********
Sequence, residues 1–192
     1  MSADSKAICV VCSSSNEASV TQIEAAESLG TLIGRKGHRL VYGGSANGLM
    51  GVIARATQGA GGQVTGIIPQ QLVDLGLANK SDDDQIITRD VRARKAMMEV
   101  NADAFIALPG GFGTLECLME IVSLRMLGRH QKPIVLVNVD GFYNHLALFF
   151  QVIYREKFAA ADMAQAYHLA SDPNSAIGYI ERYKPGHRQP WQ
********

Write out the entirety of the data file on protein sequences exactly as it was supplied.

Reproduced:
Sequence, residues 1–192
     1  MSADSKAICV VCSSSNEASV TQIEAAESLG TLIGRKGHRL VYGGSANGLM
    51  GVIARATQGA GGQVTGIIPQ QLVDLGLANK SDDDQIITRD VRARKAMMEV
   101  NADAFIALPG GFGTLECLME IVSLRMLGRH QKPIVLVNVD GFYNHLALFF
   151  QVIYREKFAA ADMAQAYHLA SDPNSAIGYI ERYKPGHRQP WQ